Systemic adverse effects of inhaled corticosteroid therapy: A systematic review and meta-analysis

Arch Intern Med. 1999 May 10;159(9):941-55. doi: 10.1001/archinte.159.9.941.


Objective: To appraise the data on systemic adverse effects of inhaled corticosteroids.

Methods: A computerized database search from January 1, 1966, through July 31, 1998, using MEDLINE, EMBASE, and BIDS and using appropriate indexed terms. Reports dealing with the systemic effects of inhaled corticosteroids on adrenal gland, growth, bone, skin, and eye, and reports on pharmacology and pharmacokinetics were reviewed where appropriate. Studies were included that contained evaluable data on systemic effects in healthy volunteers as well as in asthmatic children and adults. A statistical meta-analysis using regression was performed for parameters of adrenal suppression in 27 studies.

Results: Marked adrenal suppression occurs with high doses of inhaled corticosteroid above 1.5 mg/d (0.75 mg/d for fluticasone propionate), although there is a considerable degree of interindividual susceptibility. Meta-analysis showed significantly greater potency for dose-related adrenal suppression with fluticasone compared with beclomethasone dipropionate, budesonide, or triamcinolone acetonide, whereas prednisolone and fluticasone propionate were approximately equivalent on a 10:1-mg basis. Inhaled corticosteroids in doses above 1.5 mg/d (0.75 mg/d for fluticasone propionate) may be associated with a significant reduction in bone density, although the risk for osteoporosis may be obviated by post-menopausal estrogen replacement therapy. Although medium-term growth studies showed suppressive effects with 400-microg/d beclomethasone dipropionate, there was no evidence to support any significant effects on final adult height. Long-term, high-dose inhaled corticosteroid exposure increases the risk for posterior subcapsular cataracts, and, to a much lesser degree, the risk for ocular hypertension and glaucoma. Skin bruising is most likely to occur with high-dose exposure, which correlates with the degree of adrenal suppression.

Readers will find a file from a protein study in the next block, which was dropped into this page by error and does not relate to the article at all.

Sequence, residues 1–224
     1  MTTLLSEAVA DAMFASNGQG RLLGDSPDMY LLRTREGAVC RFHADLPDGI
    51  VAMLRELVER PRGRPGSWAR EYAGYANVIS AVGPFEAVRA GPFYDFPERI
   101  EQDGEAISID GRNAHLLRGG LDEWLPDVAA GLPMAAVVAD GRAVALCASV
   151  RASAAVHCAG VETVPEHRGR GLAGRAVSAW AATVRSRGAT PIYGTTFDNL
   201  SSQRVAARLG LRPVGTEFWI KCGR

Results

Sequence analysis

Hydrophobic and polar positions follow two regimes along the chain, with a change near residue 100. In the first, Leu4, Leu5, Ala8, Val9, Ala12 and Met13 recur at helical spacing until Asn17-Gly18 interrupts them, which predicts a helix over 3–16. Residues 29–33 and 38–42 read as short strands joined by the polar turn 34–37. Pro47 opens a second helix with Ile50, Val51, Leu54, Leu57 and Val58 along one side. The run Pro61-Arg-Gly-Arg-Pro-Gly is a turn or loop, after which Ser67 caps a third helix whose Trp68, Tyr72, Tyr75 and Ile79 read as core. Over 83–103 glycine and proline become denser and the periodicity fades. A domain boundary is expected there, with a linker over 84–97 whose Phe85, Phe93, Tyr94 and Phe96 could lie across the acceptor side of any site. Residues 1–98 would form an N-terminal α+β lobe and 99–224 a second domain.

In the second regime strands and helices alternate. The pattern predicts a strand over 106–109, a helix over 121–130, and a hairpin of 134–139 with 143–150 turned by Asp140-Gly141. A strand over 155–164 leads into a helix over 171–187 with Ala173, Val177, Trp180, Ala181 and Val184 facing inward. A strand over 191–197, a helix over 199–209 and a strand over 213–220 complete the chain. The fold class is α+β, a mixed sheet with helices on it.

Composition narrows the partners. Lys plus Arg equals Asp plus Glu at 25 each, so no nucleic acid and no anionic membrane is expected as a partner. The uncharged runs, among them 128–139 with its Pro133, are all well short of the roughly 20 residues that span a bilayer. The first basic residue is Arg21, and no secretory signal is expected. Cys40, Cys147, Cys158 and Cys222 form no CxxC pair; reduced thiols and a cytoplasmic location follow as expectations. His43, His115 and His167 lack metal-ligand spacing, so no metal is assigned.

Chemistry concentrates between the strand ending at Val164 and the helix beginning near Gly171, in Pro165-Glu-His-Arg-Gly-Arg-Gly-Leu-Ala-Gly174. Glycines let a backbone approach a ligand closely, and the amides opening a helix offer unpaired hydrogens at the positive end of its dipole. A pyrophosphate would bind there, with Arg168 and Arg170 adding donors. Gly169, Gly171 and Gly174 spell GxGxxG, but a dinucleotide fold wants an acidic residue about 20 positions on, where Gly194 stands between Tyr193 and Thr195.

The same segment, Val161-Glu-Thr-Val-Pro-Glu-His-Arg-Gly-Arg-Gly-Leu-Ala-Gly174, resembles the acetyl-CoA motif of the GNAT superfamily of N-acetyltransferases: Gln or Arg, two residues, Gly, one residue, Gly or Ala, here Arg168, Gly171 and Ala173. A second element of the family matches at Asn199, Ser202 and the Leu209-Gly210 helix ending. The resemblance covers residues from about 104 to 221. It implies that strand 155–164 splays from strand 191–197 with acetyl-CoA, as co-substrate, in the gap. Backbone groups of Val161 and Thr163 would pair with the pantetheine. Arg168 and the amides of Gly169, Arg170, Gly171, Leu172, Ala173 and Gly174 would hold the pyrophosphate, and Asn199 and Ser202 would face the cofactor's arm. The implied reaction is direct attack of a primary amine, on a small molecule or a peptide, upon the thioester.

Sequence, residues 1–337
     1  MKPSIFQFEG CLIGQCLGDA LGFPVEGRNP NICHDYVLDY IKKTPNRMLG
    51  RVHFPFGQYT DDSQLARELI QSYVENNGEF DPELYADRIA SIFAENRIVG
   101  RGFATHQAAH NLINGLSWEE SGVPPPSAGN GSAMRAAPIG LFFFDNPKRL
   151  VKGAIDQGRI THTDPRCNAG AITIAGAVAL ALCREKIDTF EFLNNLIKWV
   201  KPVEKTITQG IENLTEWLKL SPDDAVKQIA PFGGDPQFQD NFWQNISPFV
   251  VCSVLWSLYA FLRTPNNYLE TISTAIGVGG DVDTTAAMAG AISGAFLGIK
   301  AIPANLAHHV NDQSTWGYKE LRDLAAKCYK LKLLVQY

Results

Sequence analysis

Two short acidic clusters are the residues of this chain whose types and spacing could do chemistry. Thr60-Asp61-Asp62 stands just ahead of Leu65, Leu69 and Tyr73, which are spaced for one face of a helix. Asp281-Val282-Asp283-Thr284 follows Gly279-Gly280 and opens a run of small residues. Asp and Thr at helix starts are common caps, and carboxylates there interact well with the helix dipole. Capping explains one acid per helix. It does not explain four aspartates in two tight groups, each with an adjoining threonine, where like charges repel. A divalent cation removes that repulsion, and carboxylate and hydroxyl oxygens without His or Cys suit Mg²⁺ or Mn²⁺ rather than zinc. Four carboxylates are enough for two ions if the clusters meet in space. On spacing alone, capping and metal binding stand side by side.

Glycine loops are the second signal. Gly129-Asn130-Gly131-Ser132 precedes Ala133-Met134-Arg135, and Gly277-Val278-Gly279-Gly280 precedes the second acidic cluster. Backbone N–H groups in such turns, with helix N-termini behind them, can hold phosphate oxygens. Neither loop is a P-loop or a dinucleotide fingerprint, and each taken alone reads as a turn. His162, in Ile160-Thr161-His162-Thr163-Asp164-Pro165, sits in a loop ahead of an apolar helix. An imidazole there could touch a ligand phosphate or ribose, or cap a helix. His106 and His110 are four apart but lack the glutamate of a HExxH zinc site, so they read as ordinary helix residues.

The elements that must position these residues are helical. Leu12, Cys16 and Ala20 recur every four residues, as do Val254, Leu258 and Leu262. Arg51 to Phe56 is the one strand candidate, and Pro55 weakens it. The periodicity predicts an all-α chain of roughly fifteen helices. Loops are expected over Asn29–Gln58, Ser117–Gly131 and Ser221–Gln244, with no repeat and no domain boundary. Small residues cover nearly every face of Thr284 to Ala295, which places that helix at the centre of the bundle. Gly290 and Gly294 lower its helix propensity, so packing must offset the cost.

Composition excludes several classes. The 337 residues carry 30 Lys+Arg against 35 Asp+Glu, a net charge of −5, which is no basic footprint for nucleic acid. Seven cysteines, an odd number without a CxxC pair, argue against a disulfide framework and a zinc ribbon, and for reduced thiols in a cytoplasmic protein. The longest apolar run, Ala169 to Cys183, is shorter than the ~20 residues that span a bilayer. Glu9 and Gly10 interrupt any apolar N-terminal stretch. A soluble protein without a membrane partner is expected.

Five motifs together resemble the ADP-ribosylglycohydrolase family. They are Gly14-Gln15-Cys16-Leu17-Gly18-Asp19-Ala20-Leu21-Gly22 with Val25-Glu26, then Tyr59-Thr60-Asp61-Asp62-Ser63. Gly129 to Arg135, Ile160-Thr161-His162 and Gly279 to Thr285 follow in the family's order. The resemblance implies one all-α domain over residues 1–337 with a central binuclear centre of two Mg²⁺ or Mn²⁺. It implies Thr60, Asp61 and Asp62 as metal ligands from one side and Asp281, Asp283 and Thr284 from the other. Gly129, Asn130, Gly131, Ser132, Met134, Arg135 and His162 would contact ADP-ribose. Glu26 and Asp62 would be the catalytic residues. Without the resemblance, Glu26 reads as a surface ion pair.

Conclusions: All inhaled corticosteroids exhibit dose-related systemic adverse effects, although these are less than with a comparable dose of oral corticosteroids. Metaanalysis shows that fluticasone propionate exhibits greater dose-related systemic bioactivity compared with other available inhaled corticosteroids, particularly at doses above 0.8 mg/d. The long-term systemic burden will be minimized by always trying to achieve the lowest possible maintenance dose that is associated with optimal asthmatic control and quality of life.

Publication types

  • Meta-Analysis
  • Systematic Review

MeSH terms

  • Administration, Inhalation
  • Administration, Topical
  • Androstadienes / administration & dosage
  • Androstadienes / adverse effects
  • Anti-Asthmatic Agents / administration & dosage*
  • Anti-Asthmatic Agents / adverse effects*
  • Anti-Inflammatory Agents / administration & dosage*
  • Anti-Inflammatory Agents / adverse effects*
  • Asthma / drug therapy
  • Beclomethasone / administration & dosage
  • Beclomethasone / adverse effects
  • Bone and Bones / drug effects
  • Bone and Bones / metabolism
  • Budesonide / administration & dosage
  • Budesonide / adverse effects
  • Dose-Response Relationship, Drug
  • Eye / drug effects
  • Fluticasone
  • Glucocorticoids
  • Growth / drug effects
  • Humans
  • Prednisolone / administration & dosage
  • Prednisolone / adverse effects
  • Skin / drug effects
  • Triamcinolone / administration & dosage
  • Triamcinolone / adverse effects


  • Androstadienes
  • Anti-Asthmatic Agents
  • Anti-Inflammatory Agents
  • Glucocorticoids
  • Triamcinolone
  • Budesonide
  • Prednisolone
  • Fluticasone
  • Beclomethasone